Marilyn Lopez, RN, MA, GNP-BC, was our first geriatric nurse specialist. Fascinated by the longevity of her grandparents—especially her grandmother, who lived independently until her late 90s—she is passionate about helping older people remain fully functional for as long as possible. The New York Times recently featured Lopez in an article about America's aging population. Caring for the elderly, she told the Times, "is a profession of the heart." To read the article, click here.
Does the term "elderly" still mean what it used to?
The U.S. government defines an "elderly" person as someone over the age of 65. But with aging baby boomers remaining so active, both physically and mentally, the term is now used more sparingly. We're only as old as we feel, after all, and many seniors don't feel elderly. We wouldn't consider people like Warren Buffett, who is 80, elderly. Or Senator John Glenn, who was healthy enough to be an astronaut at 77.
Late life brings its share of health challenges. Does it bring healthcare challenges as well?
Medical advances have enabled Americans to live longer, but that means coping with multiple chronic illnesses, increased frailty, and prolonged periods of dementia. Seniors find themselves seeing multiple doctors for different problems. As the numbers of clinicians increase, patients are likely to find it challenging to understand and remember the instructions they receive. They're also more likely to suffer adverse effects from drug interactions.
Which conditions typically bring older people to NYU Langone?
We're seeing an increasing number of high-risk geriatric patients. In 2008, 44% of our hospital discharges were 65 or older, excluding newborns and psychiatric patients. These numbers have increased even over the past three years. Typically, we see patients with multiple overlapping conditions who are on complex medication regimens. They exhibit dizziness, fainting, unsteadiness, delirium, dementia, frailty, and incontinence. These "geriatric syndromes" present complex diagnostic, pharmacologic, and nursing challenges.
What about aftercare?
It's important that families receive timely, accurate information to effectively participate in decision-making. Before discharge, our team prepares patients and their families to cope with chronic illnesses. Two to three days after discharge, our Geriatric Service follows up by phone to monitor that medications are being taken correctly, to reinforce skills taught at the bedside—for example, use of insulin or feeding tubes, wound care—and to ensure that appropriate resources, as well as equipment, are in place.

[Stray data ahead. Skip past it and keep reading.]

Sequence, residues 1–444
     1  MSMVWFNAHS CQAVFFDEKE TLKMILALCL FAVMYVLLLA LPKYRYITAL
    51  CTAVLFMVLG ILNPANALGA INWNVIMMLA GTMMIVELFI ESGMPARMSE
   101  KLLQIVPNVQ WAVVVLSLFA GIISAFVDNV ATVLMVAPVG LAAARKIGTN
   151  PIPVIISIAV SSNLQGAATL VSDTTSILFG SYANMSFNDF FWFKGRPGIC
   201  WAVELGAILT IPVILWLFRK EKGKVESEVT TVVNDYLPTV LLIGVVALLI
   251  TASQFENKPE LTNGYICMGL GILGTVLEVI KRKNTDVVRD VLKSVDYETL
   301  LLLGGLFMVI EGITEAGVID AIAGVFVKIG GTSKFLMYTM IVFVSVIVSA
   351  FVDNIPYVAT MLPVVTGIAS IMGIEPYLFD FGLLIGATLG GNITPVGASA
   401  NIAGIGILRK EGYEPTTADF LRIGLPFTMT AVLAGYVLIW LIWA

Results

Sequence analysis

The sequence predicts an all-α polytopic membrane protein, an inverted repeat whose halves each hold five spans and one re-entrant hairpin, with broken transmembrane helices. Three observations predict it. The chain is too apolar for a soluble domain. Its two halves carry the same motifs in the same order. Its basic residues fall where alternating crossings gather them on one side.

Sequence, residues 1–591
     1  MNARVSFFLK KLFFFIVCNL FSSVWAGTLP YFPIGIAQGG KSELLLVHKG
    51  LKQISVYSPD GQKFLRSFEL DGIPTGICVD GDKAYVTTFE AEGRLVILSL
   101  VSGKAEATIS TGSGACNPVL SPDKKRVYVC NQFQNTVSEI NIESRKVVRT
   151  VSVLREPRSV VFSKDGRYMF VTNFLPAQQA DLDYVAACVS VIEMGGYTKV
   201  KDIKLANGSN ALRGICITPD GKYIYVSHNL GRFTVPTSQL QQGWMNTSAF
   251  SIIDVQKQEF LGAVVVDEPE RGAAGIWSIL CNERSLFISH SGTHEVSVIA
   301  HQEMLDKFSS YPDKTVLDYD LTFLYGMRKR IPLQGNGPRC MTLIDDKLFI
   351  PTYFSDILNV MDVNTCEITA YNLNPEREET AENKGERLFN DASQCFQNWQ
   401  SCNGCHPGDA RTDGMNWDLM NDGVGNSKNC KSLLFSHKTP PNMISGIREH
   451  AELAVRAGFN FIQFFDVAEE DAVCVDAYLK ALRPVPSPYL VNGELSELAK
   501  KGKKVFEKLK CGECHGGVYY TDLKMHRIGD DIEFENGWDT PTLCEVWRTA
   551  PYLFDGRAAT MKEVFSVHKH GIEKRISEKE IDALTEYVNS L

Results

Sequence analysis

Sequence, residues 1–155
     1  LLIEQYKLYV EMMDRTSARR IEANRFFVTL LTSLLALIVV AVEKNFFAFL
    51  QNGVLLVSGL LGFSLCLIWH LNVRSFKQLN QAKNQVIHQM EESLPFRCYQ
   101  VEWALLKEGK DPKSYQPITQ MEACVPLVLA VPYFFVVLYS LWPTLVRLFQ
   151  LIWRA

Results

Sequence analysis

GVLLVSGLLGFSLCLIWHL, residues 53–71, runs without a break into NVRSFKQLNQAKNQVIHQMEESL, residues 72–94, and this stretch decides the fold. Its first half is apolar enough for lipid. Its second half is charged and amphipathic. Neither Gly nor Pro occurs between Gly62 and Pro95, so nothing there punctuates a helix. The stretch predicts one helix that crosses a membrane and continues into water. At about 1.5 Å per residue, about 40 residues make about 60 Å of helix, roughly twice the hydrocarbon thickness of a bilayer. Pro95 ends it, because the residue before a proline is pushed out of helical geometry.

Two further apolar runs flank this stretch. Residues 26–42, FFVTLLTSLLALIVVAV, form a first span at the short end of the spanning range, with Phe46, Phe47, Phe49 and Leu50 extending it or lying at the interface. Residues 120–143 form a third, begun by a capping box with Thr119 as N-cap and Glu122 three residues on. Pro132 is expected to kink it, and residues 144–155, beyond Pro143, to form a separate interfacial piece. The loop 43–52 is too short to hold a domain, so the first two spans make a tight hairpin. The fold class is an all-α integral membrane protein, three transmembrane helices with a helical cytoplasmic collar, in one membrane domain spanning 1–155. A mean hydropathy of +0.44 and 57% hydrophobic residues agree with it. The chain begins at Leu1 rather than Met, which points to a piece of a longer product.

What makes you most proud of NYU Langone's geriatric care?
Our Geriatric Program is recognized as a "Magnet Exemplar" nationally because of its innovative, senior-friendly care. We are continuing to move up nationally in U.S. News and World Report rankings. Our dual focus on medical education and application of best practices enhances safety and improves outcomes for our patients. A Geriatric Resource Nurse (GRN) model has been in place at the Medical Center for more than a decade to ensure that vulnerable seniors receive specialized high-quality bedside care. Since 1997, we have been involved with Nurses Improving Care for Health system Elders (NICHE), which is a national Geriatric program of the John Hartford Foundation Institute for Geriatric Nursing at New York University (to read about NICHE click here). Additionally, a multidisciplinary geriatric consult team—attending geriatrician, geriatric nurse practitioner (GNP), geriatric fellow, and pharmacist—conducts comprehensive assessments of reversible medical conditions, reviews medication and treatment options, and monitors high-risk patients.
As our aging population increases, what will this mean for the healthcare profession?
Most seniors will require some medical care—it's just a question of when and to what extent. But nationally, only 1% of registered nurses are certified in the area of geriatrics, and there's only one geriatrician for every 2,500 Americans 75 or older. Most American medical schools still concentrate on training for critical care, but the aging population is more likely to require treatment for chronic diseases. Healthcare professionals will also need to focus more on prevention and treatment of risk factors.
In a society that values youth over age, what are the rewards of working with seniors?
Older people have a wealth of lifetime experience, and the wisdom that goes with it. They like nothing more than to share those experiences with our nurses, who take the time to create laughter and conversation with people who may be lonely and frightened. We learn so much from them, and helping them is a reward in itself—a true gift that comes with the job. Not only are you providing a valuable service, but it's an opportunity to learn more about yourself, particularly your own mortality. For many of us, caring for seniors is more than a commitment. It's a genuine calling.